Just as Microsoft makes its technology available to other companies to help them achieve more, it is doing the same with its model for hiring people with autism.
April is Autism Awareness Month. Autism Spectrum Disorder affects one percent of the world’s population, about 3.5 million, or one out of 59 American births according to the Center for Disease Control and Prevention and the Autism Society.
Autism Spectrum Disorder encompasses a range of conditions that present challenges with speech, social skills, non-verbal communication, and repetitive behaviors. On the flip side, many people with autism possess unique strengths in other areas that enable them to excel in certain disciplines.
Unfortunately, according to Easter Seals, 80% of people with autism are either unemployed or underemployed. Consequently, the skills and contributions that they would bring to many companies and to the products and services those companies offer are lost.
To address this untapped resource and to foster a culture of empathy and inclusion, Microsoft — on Autism Awareness Day in 2015 — established its Autism Hiring Program. This year, parallel to its commitment to open sourcing its technologies and tools to create a “Microsoft platform” that companies integrate into their businesses, the company is “democratizing” its Autism Hiring program. The goal is to bring more people with autism to the workforce so that they and the companies they join can achieve more.
Finally, the wider employment market understands how much the AARP generation has toiled in silence.
This inspiring story slipped past my attention over the past week or so, but I am so glad I found it. Everyone has a talent; So thankful for the opportunity to highlight those who has nearly always been forgotten, but in today’s environment, might as well not even exist.
Then Cronin, who is 22 and has Down syndrome, reflected on his sartorial flair for colorful outfits and socks, a passion that began in fourth grade to the occasional shriek of his older brother: “Dad, you can’t let him go out like that!”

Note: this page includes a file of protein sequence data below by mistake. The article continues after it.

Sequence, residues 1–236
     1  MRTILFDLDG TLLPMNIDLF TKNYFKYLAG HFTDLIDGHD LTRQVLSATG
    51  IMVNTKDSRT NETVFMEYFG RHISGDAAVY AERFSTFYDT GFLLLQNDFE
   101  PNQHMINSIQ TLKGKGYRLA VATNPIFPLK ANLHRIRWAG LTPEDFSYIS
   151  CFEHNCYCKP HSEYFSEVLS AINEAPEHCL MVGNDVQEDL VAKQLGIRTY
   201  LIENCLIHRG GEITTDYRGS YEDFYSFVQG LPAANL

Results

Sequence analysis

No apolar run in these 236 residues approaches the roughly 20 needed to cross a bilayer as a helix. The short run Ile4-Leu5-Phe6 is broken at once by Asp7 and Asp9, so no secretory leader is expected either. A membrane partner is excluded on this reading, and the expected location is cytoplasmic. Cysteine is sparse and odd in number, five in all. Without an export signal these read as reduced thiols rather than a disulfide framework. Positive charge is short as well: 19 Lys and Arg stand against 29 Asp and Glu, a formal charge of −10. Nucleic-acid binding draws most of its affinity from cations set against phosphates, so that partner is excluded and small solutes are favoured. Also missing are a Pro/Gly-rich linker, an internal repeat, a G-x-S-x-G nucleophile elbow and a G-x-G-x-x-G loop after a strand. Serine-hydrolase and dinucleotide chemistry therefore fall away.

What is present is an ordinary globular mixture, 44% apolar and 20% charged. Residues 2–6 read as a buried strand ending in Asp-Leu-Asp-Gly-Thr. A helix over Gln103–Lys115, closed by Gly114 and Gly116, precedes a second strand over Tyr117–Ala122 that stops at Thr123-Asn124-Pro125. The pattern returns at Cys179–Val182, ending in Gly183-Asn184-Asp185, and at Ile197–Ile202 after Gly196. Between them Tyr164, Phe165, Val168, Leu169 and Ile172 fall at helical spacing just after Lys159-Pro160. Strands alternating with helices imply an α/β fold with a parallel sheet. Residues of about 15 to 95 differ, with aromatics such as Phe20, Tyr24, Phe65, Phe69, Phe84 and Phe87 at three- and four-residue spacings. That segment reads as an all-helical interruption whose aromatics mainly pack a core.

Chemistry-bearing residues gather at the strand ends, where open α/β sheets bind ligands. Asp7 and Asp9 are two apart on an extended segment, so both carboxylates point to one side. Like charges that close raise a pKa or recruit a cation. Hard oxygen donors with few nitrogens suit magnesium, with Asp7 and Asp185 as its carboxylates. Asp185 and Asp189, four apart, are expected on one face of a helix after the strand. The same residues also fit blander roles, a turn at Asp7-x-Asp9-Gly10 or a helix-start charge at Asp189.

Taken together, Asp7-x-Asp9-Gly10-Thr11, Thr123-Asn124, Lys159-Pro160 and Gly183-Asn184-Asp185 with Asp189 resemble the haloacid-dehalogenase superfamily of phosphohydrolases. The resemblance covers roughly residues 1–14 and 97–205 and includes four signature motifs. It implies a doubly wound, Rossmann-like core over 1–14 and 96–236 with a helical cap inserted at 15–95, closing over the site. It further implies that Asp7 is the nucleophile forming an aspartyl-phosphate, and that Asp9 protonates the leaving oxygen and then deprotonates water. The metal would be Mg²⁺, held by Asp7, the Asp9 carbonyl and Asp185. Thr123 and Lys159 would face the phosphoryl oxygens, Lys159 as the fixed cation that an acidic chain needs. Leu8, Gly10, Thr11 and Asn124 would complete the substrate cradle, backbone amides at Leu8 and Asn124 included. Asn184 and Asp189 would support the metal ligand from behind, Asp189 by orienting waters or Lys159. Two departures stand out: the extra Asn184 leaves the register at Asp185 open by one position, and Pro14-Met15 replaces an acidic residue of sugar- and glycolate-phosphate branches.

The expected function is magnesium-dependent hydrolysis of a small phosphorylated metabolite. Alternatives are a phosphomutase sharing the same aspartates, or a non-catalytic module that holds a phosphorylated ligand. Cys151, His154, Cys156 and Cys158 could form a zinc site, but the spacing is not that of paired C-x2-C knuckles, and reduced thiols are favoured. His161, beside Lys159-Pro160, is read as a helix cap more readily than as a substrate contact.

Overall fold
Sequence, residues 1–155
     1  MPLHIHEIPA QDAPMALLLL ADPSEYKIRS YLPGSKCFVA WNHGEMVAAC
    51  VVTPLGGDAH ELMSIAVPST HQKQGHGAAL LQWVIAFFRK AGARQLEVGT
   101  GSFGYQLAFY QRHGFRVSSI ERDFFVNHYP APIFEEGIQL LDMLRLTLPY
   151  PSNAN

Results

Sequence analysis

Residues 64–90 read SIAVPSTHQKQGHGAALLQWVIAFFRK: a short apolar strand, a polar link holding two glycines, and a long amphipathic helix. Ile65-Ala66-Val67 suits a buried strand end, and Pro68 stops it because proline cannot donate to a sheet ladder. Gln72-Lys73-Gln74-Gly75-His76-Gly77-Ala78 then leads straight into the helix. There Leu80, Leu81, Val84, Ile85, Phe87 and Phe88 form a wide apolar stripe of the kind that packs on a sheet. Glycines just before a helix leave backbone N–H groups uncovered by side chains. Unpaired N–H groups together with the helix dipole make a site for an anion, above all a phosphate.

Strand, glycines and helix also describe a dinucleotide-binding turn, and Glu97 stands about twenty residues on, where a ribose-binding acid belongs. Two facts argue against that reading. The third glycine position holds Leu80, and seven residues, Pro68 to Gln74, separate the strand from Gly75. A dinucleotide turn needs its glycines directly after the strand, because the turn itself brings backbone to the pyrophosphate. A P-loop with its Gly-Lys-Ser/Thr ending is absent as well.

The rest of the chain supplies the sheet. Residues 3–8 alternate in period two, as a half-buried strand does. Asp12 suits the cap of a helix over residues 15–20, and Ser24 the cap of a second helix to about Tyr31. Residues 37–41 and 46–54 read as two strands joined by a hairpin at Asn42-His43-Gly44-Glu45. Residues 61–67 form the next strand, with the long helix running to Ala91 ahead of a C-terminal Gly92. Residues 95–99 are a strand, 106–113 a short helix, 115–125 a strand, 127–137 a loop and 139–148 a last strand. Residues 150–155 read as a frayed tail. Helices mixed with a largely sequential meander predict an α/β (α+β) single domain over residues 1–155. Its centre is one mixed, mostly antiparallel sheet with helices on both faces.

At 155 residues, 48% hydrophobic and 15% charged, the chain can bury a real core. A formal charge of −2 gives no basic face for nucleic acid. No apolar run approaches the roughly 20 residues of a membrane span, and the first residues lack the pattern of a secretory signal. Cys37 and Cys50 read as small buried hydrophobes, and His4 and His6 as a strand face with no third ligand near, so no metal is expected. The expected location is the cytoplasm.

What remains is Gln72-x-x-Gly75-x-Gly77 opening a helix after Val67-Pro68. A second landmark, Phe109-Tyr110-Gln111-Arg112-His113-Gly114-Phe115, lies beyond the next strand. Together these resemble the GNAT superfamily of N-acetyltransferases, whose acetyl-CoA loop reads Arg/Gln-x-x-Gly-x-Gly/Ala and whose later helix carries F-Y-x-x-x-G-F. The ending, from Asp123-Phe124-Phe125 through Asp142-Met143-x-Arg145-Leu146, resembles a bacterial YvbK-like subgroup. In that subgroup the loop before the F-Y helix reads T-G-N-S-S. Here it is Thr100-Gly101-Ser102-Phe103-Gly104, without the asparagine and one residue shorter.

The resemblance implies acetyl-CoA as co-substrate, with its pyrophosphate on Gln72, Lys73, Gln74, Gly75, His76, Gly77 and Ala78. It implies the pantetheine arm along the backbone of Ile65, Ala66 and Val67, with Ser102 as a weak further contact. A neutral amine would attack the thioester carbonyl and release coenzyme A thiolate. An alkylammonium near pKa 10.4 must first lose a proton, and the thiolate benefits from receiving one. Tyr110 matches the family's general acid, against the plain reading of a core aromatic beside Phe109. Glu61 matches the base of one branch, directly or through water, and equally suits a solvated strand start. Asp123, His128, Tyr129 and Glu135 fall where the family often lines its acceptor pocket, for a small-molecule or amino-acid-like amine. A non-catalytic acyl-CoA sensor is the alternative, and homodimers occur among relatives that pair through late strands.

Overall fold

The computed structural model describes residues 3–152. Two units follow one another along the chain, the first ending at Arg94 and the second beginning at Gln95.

But Cronin’s fashion resolve led to his lightbulb idea for John’s Crazy Socks, a flourishing online store launched in late 2016. Based in Huntington, New York, the company has grown into a multi-million-dollar business with an inventory of more than 2,000 unique, cheerful and vibrant socks. They include socks with googly-eyed pineapples, smiling corgis, Van Gogh’s “Starry Night” and trolls with hair you can comb.
“They’re fun, colorful, creative and let me be me,” Cronin says of his affinity for joyous footwear.
via Tumblr https://ift.tt/2D8W4sZ published on October 29, 2018 at 08:11PM
Blockchain companies, startups, and investors are flocking to select cities across the US. Here’s where you can find a job.\..
You mean Charlotte didn’t make the list? I guess bankers aren’t fans of something that could render them mute.
This is coming from Australia who gets it and is not standing still.
One of my favorite tech companies is at it again. 👍
It is stories such as this is why I submitted my plan for a Universal Basic Income with some responses, some of which I did not even consider. The first image to the left is shortly after I applied for disability, that had the required physical exam.
The image on the right is some 2 1/2 years later on approval on the 3rd attempt. What I have been told on the subject is that this is not unusual, at least for not getting it on the 1st try. Albeit a law firm that has a vested interest in handling these types of claims, this is a thing and has some explanation to why this is so (Binder and Binder, 2011). Part of what the article refers to may have played a part in this.
In rural Alabama, a man faced a difficult choice: Keep looking for work, or apply for disability?
Binder and Binder. (2011, July 14). Long Approval Process For Social Security Disability Claims. Retrieved April 12, 2017, from http://www.binderandbinder.com/In-The-News/Why-Do-Social-Security-Disability-Claims-Take-So-Long-to-be-Approved.shtml